Fire suppression (aka protecting trophy homes and residences placed and maintained with little or no recognition of the fire regime that they're built in) is the tail wagging the dog. We've turned the land-management agencies into de facto structure-fire departments. Money is being spent to protect private homes with no regard to the statutory duties of these federal agencies.
"Wildland Fire Use" is the latest in a round of euphemisms used by the feds to describe what was first established in 1972 as the "Let Burn" policy. After the 1988 Yellowstone fires, the spin doctors came up with "prescribed natural fire." That turned into "Wildland Fire Use" and is now being supplanted by the newest buzz phrase, "Appropriate Management Response." All of these are in response to decades (back to at least the 1930s) of recognition that fire is just another element of Western ecosystems. Although I personally think we give ourselves way too much credit for "years of fire suppression" as a major causal factor in the severity and size of fires we've seen in the past decade, it's clear that we screwed things up with the recommitment to fire suppression after the 1934 fire season and the rise of Smokey Bear as the "war on fire" avatar.
Given that fire has been present for a bazillion years in vegetated lands, the kind of fire occurrence we're seeing is well within the range of variability. Climate cycles have repeatedly led to conditions similar to what we're seeing now - it's just a matter of lining up all of the ducks: drought, older stands of forest ripe for the feasting of co-evolved pine beetles, and the annual cycles of lightning and human ignitions. It's in the midst of this that we're trying, like the "war on drugs," to fight an unwinnable fight to save clueless people from the decisions they make on house siting and design, construction materials and the management of adjacent flammable materials (firewood stacks and the surrounding vegetation). But hey, we're willing to watch the TV coverage and wring our hands while spending billions to attempt suppression and billions more to help folks rebuild in the same settings.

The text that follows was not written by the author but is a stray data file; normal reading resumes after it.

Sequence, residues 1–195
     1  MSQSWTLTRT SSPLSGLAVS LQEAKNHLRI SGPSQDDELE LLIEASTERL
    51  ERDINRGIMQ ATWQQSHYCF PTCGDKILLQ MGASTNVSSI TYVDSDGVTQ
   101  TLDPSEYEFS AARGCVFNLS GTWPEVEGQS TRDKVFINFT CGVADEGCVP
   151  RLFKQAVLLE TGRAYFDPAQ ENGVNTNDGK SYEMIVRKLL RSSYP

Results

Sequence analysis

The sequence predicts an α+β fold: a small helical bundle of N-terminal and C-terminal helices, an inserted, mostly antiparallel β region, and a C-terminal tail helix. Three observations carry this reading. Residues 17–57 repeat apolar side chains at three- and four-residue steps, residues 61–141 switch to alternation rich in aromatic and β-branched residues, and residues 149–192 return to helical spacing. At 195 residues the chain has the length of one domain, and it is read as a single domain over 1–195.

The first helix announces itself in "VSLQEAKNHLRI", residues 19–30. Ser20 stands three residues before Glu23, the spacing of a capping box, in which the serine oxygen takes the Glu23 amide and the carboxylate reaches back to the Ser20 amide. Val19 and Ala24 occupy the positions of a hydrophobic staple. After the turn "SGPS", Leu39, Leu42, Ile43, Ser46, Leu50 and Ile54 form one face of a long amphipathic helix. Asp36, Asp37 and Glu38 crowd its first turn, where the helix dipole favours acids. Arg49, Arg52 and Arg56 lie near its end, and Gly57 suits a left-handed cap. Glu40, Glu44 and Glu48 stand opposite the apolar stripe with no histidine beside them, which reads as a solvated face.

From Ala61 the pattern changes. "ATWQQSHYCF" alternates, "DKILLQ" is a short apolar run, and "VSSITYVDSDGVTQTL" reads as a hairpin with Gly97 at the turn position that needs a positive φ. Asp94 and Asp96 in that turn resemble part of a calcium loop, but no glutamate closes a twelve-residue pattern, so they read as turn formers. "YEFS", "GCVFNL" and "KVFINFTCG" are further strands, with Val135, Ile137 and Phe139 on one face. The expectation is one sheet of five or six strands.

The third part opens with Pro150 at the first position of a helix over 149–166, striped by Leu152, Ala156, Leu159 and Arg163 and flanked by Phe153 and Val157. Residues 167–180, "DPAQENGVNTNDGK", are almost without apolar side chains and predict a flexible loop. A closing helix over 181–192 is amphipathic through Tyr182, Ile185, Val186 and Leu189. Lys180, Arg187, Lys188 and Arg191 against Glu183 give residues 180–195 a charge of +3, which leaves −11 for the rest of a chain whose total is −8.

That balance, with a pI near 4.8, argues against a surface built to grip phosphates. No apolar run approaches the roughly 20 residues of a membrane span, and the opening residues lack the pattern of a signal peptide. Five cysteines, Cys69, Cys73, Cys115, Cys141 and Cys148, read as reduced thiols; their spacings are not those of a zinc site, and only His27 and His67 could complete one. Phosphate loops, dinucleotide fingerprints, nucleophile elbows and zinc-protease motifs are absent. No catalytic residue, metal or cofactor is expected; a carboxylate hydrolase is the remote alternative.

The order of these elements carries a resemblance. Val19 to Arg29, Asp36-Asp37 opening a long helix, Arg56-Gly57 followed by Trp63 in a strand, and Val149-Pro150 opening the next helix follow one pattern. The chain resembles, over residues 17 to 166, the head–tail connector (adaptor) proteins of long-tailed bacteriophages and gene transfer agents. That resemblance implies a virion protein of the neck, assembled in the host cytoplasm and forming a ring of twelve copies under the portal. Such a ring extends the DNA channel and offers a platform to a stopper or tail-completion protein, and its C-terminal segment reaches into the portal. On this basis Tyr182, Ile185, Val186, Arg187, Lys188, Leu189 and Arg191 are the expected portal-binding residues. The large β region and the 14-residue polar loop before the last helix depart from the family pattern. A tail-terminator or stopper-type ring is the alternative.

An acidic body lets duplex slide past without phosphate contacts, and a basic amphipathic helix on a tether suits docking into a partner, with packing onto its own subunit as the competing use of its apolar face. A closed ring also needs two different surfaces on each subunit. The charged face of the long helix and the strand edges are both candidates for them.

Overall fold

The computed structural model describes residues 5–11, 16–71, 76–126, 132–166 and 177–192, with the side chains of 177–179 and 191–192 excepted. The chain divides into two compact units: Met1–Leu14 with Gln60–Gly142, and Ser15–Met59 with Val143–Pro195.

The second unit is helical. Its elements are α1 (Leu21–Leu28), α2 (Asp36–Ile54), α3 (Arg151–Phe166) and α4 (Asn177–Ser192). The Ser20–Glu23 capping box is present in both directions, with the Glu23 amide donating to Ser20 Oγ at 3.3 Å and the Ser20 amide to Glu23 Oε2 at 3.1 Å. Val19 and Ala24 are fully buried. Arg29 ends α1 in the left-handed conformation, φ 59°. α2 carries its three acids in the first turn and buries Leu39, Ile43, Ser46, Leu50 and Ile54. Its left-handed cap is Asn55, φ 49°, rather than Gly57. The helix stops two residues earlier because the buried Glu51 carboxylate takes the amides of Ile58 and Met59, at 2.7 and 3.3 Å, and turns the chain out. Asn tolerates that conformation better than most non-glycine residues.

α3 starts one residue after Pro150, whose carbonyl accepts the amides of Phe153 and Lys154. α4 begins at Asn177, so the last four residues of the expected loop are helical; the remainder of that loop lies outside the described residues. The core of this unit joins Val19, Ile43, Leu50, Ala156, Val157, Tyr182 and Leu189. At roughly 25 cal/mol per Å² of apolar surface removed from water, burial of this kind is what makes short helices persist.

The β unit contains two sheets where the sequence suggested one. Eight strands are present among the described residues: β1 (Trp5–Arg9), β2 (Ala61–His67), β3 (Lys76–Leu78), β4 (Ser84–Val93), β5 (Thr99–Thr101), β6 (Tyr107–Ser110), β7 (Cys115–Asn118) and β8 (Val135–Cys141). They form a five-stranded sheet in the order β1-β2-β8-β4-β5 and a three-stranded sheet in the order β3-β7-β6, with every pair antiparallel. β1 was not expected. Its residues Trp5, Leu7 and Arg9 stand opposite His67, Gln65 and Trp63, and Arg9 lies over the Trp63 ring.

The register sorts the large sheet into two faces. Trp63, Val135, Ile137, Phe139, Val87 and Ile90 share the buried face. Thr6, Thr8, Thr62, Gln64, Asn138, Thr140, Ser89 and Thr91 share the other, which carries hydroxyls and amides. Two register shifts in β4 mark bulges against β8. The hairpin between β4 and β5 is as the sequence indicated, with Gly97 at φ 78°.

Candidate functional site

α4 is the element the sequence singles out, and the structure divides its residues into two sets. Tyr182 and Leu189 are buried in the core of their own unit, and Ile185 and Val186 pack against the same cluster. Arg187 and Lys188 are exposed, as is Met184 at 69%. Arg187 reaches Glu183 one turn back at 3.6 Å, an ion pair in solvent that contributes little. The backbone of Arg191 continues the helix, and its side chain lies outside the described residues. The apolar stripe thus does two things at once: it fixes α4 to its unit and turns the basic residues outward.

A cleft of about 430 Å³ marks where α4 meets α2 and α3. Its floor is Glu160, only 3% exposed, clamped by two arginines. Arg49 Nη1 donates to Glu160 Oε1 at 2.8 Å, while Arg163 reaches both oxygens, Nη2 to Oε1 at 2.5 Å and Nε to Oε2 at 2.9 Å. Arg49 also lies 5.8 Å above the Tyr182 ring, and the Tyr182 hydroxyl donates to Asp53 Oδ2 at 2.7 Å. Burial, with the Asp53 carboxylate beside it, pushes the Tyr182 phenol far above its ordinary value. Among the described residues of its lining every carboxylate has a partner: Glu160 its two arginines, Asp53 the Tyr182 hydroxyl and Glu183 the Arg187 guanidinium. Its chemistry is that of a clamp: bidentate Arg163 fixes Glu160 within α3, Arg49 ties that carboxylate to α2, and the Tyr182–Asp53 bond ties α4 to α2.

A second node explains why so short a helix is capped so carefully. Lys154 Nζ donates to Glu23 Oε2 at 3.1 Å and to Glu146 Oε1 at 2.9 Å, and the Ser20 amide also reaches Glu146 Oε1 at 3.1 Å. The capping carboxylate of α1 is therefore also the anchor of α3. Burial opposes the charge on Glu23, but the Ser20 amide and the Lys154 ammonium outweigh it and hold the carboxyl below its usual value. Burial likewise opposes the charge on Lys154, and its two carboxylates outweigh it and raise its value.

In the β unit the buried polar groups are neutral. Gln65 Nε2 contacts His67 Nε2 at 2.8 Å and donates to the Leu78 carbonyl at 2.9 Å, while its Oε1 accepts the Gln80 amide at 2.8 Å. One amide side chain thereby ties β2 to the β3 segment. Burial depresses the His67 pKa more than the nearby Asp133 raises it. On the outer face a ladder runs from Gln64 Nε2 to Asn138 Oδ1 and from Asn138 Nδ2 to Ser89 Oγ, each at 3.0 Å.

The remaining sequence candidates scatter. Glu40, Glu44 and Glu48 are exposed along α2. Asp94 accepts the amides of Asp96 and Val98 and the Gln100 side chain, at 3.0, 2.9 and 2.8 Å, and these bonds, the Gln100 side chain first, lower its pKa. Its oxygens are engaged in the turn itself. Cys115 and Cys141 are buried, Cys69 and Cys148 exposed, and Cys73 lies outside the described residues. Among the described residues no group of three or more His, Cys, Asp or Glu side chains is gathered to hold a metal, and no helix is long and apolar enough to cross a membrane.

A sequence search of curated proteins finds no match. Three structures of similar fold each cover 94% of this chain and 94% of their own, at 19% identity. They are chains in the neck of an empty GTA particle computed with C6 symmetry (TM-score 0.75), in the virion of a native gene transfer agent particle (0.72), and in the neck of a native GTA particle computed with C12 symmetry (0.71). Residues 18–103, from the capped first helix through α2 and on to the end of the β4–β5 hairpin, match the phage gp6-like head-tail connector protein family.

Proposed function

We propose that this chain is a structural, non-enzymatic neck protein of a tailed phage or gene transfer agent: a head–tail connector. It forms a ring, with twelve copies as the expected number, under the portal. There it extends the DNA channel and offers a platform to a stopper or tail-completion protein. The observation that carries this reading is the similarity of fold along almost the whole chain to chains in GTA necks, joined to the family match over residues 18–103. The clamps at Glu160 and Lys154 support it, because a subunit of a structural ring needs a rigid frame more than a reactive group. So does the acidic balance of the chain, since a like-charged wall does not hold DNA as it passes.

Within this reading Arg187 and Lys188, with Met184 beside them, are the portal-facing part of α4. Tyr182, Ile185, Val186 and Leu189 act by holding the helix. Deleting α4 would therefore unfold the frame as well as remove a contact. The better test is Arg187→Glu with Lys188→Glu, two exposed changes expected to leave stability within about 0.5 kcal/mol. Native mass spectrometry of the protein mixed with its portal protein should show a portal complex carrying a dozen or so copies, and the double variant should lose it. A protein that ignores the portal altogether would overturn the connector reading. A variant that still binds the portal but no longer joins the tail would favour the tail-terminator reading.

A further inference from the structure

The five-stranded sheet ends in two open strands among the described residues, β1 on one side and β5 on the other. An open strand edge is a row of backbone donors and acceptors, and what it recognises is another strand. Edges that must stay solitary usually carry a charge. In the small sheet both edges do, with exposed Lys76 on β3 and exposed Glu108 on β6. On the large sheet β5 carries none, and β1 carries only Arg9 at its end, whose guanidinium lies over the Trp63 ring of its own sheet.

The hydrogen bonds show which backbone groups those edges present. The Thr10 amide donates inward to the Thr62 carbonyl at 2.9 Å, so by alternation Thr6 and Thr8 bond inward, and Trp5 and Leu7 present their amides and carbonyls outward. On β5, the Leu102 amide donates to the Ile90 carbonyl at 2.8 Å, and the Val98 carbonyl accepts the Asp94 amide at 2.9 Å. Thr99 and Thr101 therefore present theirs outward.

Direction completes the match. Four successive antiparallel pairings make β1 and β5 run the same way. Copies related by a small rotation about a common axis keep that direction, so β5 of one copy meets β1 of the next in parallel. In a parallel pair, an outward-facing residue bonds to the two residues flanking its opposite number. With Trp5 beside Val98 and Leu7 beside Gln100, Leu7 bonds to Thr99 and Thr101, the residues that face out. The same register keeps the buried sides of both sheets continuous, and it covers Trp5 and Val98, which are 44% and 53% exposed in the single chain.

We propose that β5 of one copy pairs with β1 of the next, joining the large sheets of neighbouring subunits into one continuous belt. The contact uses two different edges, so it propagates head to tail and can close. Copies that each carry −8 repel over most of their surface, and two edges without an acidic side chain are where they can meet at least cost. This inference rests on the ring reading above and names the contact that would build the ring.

Fort Collins, Colorado
- Kent Schoberle on Ranch Diaries: A New Mexico cattle company is born
- Rich & Terry Fairbanks on Rural communities in the West need a fair shake
- on Jim Deacon, pioneering desert fish biologist, dies
- Larry Bullock on Ranch Diaries: A New Mexico cattle company is born
- Randy Piper on Bark beetle kill leads to more severe fires, right? Well, maybe